A few years ago when my work still demands me to periodically visit far regions in the country, i got some tubers of Hedychium coronarium from a roadside in Bohol. We call it kamya/kamia/camia, known for its subtle fragrance. I remember planting its tubers at the side of the garden with a little bit elevated land. I know the soil there is not as fertile as the rest of the garden, so thought it will lessen the height of these plants, if ever they will survive the dry season. Last year it produced a few dwindling flowers, maybe 2-3 blooms, but i didn't notice the scent that time. Then i forgot all about it. I didn't even check if they are still there behind profuse growth of the Hippeastrum hedge.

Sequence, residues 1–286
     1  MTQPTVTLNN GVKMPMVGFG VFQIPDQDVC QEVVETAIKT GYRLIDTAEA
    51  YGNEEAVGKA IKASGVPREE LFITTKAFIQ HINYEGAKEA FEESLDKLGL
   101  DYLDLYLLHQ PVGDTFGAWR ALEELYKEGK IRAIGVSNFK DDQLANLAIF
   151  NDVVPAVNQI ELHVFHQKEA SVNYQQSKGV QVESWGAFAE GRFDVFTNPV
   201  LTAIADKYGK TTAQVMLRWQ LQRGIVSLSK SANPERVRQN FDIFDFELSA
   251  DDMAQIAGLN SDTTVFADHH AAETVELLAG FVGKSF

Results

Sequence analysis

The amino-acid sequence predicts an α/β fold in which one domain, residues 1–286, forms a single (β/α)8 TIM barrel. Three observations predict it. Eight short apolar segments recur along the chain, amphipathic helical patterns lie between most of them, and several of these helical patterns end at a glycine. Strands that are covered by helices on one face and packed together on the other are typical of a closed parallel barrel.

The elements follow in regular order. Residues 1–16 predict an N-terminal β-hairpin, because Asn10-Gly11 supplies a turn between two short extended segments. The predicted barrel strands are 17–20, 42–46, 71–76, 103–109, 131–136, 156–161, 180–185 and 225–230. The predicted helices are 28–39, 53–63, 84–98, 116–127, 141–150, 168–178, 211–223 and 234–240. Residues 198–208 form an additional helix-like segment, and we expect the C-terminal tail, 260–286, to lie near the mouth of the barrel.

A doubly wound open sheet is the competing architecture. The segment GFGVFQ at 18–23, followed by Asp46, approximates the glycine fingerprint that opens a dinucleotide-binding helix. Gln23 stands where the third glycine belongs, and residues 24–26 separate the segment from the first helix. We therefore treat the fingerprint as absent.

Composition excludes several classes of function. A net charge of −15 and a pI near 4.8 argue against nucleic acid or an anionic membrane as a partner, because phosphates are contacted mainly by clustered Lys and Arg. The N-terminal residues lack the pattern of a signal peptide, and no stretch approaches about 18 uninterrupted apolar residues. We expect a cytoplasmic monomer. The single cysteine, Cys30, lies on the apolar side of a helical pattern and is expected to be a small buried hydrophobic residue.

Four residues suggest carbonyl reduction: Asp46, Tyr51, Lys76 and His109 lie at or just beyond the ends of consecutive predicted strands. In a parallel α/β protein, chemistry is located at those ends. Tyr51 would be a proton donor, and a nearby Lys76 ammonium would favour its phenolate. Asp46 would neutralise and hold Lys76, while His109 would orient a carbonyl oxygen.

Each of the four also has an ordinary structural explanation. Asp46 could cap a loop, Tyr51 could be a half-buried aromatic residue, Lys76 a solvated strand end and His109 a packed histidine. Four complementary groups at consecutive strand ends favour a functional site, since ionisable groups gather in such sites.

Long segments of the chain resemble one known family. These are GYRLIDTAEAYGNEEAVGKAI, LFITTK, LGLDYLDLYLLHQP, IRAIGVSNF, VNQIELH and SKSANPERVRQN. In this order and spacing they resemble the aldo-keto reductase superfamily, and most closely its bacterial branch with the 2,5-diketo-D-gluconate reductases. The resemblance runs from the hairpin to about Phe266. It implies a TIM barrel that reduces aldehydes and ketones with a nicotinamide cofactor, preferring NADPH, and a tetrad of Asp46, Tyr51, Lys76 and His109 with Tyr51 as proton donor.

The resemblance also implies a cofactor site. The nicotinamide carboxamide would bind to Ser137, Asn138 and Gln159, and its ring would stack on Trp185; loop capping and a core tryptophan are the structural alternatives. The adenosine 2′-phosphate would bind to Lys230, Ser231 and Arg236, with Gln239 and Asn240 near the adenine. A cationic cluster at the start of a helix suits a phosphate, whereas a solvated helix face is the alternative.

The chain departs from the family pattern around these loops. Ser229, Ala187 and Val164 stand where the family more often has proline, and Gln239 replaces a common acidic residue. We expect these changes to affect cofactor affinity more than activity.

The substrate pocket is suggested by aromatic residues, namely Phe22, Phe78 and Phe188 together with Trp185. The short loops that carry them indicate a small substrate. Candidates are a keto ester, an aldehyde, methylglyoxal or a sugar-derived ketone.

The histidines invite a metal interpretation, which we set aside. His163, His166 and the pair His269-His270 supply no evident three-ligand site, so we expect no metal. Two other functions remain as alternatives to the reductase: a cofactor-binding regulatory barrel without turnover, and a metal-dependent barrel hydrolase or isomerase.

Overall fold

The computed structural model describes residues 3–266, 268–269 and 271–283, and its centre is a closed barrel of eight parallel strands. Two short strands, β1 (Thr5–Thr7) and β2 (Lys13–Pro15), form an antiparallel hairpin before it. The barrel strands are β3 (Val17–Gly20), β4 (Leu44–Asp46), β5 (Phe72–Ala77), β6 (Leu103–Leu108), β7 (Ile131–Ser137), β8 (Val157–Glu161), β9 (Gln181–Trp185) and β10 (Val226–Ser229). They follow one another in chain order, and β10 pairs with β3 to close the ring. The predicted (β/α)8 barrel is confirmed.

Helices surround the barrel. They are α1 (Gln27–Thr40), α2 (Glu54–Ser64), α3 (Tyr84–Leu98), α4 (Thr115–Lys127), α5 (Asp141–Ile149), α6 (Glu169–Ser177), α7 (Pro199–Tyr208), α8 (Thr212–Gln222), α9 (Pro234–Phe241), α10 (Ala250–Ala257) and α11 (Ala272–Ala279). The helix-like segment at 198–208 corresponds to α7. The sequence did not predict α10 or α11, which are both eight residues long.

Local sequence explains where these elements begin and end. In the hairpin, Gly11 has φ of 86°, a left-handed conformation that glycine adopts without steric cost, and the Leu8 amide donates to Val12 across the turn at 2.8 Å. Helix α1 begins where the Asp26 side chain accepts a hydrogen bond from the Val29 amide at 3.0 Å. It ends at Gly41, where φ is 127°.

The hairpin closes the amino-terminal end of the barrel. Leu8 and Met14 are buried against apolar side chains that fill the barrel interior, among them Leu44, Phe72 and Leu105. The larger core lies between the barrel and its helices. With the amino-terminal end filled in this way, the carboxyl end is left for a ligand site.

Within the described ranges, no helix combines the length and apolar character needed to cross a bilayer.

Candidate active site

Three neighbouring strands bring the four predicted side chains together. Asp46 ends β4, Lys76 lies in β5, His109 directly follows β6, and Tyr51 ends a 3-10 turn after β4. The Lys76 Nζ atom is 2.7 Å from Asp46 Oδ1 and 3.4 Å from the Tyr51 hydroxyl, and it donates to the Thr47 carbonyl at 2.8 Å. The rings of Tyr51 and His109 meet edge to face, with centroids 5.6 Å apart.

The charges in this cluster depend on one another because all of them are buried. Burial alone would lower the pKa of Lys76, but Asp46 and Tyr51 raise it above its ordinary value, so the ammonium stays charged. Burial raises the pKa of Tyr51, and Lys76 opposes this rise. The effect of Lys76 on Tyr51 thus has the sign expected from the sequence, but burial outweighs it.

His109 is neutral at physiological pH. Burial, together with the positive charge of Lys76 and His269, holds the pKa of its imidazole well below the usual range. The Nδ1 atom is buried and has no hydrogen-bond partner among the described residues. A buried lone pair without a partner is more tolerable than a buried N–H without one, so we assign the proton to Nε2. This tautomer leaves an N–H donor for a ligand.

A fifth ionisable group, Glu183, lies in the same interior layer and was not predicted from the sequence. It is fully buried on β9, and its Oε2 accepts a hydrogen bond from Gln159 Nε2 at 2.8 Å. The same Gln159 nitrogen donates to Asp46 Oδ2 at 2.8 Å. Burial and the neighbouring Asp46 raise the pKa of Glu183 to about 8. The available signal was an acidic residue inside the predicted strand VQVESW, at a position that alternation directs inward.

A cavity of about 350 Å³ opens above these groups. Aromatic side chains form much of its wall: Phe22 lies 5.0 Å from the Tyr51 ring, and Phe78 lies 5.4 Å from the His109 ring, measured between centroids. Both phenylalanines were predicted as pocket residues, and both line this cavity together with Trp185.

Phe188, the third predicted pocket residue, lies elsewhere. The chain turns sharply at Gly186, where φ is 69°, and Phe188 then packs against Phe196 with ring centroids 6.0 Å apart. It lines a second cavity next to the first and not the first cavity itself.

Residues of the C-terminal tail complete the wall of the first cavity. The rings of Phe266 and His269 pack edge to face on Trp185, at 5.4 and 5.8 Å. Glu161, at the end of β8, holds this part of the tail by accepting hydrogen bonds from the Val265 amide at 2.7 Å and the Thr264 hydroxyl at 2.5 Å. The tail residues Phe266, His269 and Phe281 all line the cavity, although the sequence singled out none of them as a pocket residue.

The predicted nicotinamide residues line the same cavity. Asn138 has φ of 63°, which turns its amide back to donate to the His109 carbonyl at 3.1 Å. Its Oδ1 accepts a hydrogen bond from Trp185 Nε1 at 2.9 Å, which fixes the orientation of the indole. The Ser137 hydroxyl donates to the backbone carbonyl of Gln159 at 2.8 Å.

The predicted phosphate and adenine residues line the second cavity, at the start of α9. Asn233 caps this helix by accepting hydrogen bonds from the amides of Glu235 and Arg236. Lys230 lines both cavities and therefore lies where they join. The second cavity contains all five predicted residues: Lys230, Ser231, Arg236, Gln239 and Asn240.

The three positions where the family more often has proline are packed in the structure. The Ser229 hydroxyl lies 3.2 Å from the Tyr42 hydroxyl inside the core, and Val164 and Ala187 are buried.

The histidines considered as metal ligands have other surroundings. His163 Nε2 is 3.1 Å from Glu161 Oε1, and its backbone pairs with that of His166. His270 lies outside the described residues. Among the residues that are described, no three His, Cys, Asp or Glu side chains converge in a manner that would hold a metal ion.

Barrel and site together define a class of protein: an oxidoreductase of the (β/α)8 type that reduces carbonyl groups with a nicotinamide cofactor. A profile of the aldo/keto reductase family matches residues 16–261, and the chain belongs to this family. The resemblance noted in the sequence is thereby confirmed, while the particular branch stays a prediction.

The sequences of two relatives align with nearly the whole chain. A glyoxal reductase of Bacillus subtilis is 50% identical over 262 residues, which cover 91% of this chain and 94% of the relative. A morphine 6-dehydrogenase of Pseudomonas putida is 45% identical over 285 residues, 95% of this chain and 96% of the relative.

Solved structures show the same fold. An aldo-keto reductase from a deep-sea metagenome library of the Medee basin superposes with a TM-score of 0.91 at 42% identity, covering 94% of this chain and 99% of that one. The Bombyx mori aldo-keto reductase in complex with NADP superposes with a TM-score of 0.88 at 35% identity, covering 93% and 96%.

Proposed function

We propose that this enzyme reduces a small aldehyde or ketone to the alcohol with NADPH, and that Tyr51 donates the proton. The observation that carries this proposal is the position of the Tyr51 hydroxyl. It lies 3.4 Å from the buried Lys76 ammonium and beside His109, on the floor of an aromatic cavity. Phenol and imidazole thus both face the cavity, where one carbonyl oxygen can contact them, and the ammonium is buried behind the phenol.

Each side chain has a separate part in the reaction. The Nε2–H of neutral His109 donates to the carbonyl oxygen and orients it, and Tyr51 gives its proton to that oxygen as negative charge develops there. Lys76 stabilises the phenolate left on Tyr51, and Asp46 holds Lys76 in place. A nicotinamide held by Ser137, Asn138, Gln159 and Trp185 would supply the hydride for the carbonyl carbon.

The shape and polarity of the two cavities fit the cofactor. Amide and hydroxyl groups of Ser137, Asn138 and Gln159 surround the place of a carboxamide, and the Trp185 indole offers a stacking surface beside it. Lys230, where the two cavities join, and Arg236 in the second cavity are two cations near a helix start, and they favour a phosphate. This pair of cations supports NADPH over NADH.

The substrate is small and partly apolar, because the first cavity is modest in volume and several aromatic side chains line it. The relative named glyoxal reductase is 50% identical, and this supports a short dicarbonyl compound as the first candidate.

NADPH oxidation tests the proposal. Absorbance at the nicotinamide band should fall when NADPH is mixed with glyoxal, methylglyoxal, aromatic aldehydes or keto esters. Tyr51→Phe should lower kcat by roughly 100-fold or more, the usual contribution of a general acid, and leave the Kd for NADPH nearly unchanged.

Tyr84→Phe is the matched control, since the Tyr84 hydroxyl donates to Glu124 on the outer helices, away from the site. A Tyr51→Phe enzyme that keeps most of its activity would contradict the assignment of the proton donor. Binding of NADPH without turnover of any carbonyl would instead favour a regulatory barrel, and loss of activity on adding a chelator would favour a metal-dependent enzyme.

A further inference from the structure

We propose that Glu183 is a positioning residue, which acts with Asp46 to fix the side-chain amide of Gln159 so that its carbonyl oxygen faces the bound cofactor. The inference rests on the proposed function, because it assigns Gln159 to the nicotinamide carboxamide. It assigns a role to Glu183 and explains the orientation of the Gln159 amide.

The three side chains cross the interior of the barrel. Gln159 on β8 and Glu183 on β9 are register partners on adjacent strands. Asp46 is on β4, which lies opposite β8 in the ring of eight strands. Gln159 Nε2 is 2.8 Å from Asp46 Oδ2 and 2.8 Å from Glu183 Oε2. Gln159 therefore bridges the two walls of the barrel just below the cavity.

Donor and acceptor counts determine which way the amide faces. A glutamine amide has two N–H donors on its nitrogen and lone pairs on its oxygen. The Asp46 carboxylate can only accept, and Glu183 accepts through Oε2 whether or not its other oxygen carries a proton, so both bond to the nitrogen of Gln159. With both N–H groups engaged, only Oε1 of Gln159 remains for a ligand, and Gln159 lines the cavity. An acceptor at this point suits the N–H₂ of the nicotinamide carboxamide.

Yes they survived the last year's drought, and last weekend i was at home its presence was surely noticed. The sweet scent permeates the garden and mingled with us while we converged at the terrace. It was nicely situated on top of other plants with the whites visibly dangling like moths against the green background. That was a very delightful sight. I can forgive its invasiveness, promise!
Hedychium coronarium is both an ornamenta and medicinal plant of the ginger family. The young flower buds and flowers are reported to be eaten as food, while all the other parts of the plants are medicinal. It was said that it also has very high antioxidant properties. For some summary of the uses here is one of the references: http://www.stuartxchange.org/Kamia.html